The Mucker

By Edgar Rice Burroughs

Page 128

is nothing more discouraging than to
discover that your most effective blows do not feeze your opponent,
and only the knowledge of what a defeat at the hands of a new sparring
partner would mean to his future, kept him plugging away at the hopeless
task of attempting to knock out this mountain of bone and muscle.

For a few minutes Billy Byrne played with his man, hitting him when and
where he would. He fought, crouching, much as Jeffries used to fight,
and in his size and strength was much that reminded Cassidy of the
fallen idol that in his heart of hearts he still worshiped.

And then, like a panther, the mucker sprang in with a vicious left hook
to the jaw, followed, with lightning rapidity, by a right upper cut to
the chin that lifted Battling Dago Pete a foot from the floor to drop
him, unconscious, against the foot of the further wall.

It was a clean knock-out, and when Cassidy and Hurricane got
through ministering to the fallen man, and indications of returning
consciousness were apparent, the professor turned to Billy.

"Got any more 'hopes' lyin' around loose?" asked the mucker with a grin.
"I guess the big dinge's safe for a while yet."

"Not if you'll keep on stayin' away from the booze, kid," said Professor
Cassidy, "an' let me handle you."

"I gotcha Steve," said Billy; "go to it; but first, stake me to a feed.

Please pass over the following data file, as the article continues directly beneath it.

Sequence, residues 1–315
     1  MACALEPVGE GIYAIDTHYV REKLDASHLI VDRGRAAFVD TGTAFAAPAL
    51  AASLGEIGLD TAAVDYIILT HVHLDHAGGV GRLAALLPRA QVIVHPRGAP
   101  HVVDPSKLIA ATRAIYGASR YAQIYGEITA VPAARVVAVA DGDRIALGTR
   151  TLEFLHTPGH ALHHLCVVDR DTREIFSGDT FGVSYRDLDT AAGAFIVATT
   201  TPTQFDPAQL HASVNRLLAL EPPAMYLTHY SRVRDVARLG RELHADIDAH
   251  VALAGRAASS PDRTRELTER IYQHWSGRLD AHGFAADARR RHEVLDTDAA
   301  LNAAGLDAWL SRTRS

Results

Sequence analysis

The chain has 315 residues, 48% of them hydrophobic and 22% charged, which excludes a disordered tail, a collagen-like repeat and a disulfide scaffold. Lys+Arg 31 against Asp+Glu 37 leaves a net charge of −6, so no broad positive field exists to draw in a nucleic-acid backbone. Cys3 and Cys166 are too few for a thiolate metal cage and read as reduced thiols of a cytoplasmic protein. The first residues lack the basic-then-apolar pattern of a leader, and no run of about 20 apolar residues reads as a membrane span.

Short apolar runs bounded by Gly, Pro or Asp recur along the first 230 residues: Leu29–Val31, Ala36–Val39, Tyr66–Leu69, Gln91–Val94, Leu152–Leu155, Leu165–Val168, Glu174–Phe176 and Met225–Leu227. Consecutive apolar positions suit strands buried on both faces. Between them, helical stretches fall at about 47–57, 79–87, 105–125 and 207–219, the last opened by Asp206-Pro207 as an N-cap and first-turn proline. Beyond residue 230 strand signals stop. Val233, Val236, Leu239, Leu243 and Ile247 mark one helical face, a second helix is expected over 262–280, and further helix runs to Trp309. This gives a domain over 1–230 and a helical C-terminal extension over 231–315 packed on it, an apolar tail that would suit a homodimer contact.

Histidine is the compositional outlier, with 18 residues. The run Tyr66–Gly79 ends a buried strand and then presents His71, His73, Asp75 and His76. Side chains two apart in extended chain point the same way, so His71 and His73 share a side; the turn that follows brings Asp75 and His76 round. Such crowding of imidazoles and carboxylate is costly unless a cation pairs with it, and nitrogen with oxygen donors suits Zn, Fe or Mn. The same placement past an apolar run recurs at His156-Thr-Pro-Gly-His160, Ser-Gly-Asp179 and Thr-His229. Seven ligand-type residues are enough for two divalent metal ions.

The front side of my stomach's wrapped around my back bone."



CHAPTER XVIII. THE GULF BETWEEN

FOR three months Billy met has-beens, and third- and fourth-rate
fighters from New York and its environs. He thrashed them all--usually
by the knockout route and finally local sports commenced talking about
him a bit, and he was matched up with second-raters from other cities.

These men he cleaned up as handily as he had the others, so that it was
apparent to fight fandom that the big, quiet "unknown" was a comer;
and pretty soon Professor Cassidy received an offer from another
trainer-manager to match Billy against a real "hope" who stood in the
forefront of hopedom.

This other manager stated that he thought the mill would prove excellent
practice for his man who was having difficulty in finding opponents.
Professor Cassidy thought so too, and grinned for two hours straight
after reading the challenge.

The details of the fight were quickly arranged. In accordance with the
state regulations it was to be a ten round, no decision bout--the weight
of the gloves was prescribed by law.

The name of the "white hope" against whom Billy was to go

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